If I only had 3 more hours in my day …
But a 27 hour day doesn’t help much if time isn’t utilized effectively.
One of the best lectures that I’ve heard on Time Management was given by Carnegie Mellon Professor Randy Pausch at the University of Virginia in November 2007. [Just click on the “Time Management” link included above and you can see the lecture yourself — the lecture is a little over an hour in length but worth the “investment”.]
Among other topics, Professor Pausch stresses work/task prioritization. Task prioritization is not a new concept, but it’s one that we all seem to have problems with.
Most of you have seen a chart like this one for prioritizing work, one of the foundations to “making time”. It’s often referred to as the Covey Quadrant … that would be the Steven Covey Quadrant (of Franklin Planner & The 7 Habits of Highly Effective People fame).
What makes this chart so significant is its simplicity. Dr. Covey uses the two terms: Important and Urgent. Both are direct and clear. All of your tasks should fall into one of the four categories … nice system but what’s so special about it? The key is how it’s applied.
Most people will rightly focus on the Important/Urgent tasks. (That’s were Put-out-House-Fire or Save-Drowning-Person tasks would fall.) After that, we often get lost, attacking a pile of Not Important/Urgent tasks (most phone calls, most meetings and other interruptions). While completing these tasks are may look like significant accomplishments, they don’t Make Time. Rarely do “Not Important” tasks become “Important”, but “Not Urgent” tasks will often become “Urgent” if not addressed.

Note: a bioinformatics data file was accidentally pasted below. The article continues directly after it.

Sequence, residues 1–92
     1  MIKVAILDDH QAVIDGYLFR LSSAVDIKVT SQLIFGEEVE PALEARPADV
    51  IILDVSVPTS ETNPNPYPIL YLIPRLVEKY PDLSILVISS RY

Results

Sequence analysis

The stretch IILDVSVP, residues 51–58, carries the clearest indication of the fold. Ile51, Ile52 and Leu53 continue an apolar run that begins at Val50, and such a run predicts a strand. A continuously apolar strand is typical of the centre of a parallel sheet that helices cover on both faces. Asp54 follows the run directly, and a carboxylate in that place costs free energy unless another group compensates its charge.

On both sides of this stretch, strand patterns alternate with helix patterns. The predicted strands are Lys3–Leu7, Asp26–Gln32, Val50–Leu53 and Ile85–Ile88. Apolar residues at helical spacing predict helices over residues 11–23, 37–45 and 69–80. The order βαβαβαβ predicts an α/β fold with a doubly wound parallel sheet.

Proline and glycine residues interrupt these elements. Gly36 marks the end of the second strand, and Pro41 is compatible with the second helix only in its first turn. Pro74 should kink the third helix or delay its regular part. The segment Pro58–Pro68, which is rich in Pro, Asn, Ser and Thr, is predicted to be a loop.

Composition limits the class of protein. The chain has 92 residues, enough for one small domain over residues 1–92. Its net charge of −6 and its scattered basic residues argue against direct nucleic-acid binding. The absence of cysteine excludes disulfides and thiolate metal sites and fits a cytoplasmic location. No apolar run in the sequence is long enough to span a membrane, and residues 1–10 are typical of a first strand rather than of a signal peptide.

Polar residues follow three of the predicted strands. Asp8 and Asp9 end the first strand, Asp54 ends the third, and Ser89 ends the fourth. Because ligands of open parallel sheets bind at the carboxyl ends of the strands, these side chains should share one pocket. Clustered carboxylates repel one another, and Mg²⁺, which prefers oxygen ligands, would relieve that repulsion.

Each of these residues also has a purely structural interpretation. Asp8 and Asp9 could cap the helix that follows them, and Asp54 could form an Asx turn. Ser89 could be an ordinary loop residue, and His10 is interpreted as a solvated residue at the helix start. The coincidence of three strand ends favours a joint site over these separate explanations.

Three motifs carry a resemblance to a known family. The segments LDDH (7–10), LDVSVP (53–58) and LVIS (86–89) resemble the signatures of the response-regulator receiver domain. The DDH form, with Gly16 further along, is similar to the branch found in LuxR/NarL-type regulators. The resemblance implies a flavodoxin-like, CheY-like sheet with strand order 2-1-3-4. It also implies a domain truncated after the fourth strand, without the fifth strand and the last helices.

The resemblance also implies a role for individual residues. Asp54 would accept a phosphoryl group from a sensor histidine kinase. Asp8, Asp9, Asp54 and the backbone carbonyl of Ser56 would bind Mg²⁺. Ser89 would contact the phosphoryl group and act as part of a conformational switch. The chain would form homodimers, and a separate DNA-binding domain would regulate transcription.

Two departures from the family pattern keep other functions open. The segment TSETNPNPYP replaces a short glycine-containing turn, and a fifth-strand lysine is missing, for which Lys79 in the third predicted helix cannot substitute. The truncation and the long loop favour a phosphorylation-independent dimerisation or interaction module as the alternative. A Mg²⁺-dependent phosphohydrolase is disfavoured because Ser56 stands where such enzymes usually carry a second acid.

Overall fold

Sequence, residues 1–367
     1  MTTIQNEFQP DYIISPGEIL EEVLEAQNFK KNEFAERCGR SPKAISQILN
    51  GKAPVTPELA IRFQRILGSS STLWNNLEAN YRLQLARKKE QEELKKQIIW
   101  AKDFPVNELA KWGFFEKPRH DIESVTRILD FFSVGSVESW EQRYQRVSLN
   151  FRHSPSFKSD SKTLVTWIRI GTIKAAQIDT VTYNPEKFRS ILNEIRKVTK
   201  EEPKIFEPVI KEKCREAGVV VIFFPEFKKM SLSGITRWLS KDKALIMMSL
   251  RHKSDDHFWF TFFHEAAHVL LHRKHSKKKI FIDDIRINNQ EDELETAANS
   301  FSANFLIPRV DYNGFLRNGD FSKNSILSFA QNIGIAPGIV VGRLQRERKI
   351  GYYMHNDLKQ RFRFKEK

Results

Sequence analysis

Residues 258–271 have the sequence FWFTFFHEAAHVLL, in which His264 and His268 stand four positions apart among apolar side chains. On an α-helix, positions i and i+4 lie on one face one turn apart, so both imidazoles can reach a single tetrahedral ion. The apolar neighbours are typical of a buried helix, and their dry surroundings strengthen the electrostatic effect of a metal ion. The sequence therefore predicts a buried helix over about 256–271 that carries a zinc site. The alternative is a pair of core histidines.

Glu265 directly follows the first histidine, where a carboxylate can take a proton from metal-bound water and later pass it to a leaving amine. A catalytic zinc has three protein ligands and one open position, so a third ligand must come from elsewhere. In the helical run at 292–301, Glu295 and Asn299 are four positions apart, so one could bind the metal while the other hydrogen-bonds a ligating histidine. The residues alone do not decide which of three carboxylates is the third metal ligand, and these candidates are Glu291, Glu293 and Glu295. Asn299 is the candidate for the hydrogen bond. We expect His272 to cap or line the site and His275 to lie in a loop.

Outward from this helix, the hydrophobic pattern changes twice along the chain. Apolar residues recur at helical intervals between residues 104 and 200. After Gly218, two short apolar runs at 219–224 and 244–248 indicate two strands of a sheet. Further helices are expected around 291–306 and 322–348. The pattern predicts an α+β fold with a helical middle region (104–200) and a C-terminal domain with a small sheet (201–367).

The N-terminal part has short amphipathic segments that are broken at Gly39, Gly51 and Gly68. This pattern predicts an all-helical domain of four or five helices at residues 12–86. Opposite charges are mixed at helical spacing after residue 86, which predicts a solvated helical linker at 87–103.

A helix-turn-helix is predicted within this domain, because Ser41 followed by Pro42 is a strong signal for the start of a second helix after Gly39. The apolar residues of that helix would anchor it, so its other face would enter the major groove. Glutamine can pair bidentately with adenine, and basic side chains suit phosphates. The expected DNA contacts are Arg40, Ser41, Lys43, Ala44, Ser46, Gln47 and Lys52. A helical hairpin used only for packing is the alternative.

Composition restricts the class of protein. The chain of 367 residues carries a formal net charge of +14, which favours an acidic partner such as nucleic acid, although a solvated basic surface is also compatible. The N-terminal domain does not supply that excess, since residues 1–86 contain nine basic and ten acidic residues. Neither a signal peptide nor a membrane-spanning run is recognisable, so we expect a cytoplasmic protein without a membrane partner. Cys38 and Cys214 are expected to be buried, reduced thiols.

Focusing next on the “Important” but “Not Urgent” will not only relieve stress in your life, but allows you to plan and more efficiently use your time. You’ll also find that many of the “Not Important” but “Urgent” tasks really shouldn’t be on your task list in the first place. (Note: Dropping “Not Important” but “Urgent” tasks off your To Do list is a first step to Making Time.)
The another easy way to Make Time is to eliminate tasks from your “Not Important” / “Not Urgent” category. That’s where “Wheel of Fortune” falls. Yes, I am suggesting that you Turn—Off—the—TV! Back away slowly and put down the remote control… It will be OK.
In 2007, according to A.J. Nielsen Company the average American watches more than 4 hours of TV each day. By the end of 2011, TV watching time increased to more than 5 hours per day, without including any computer or smartphone time. (and those readers in the over 50 age categories shouldn’t be so smug … most of those TV-watching-hours come from our age groups).
Still wondering where that additional 3 hours a day can come from? TV. Turn it off and remove the batteries from the remote. If the quiet bothers you, put on some music. Tired? Put your feet up and relax. Take a nap. You’ll be surprised at how much more you’ll accomplish.
Time management does not mean filling every minute of your day with work. It means using your time efficiently and effectively.
So prioritize your work (and turn your TV off) and you, too, will have those extra hours that you’ve been looking for.